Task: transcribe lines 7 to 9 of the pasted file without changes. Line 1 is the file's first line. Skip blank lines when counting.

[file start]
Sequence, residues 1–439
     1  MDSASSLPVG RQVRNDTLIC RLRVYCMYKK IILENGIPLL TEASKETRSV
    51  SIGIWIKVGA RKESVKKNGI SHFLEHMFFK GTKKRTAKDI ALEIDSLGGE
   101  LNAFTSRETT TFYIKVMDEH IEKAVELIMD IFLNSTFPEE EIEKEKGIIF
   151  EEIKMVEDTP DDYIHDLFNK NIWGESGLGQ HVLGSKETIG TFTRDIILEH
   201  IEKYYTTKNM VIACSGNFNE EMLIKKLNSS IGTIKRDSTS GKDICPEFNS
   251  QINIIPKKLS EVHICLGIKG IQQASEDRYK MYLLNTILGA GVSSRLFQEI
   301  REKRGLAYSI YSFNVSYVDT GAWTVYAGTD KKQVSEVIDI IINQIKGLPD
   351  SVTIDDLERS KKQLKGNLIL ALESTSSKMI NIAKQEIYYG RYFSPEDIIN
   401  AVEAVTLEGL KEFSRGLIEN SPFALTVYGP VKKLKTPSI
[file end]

   251  QINIIPKKLS EVHICLGIKG IQQASEDRYK MYLLNTILGA GVSSRLFQEI
   301  REKRGLAYSI YSFNVSYVDT GAWTVYAGTD KKQVSEVIDI IINQIKGLPD
   351  SVTIDDLERS KKQLKGNLIL ALESTSSKMI NIAKQEIYYG RYFSPEDIIN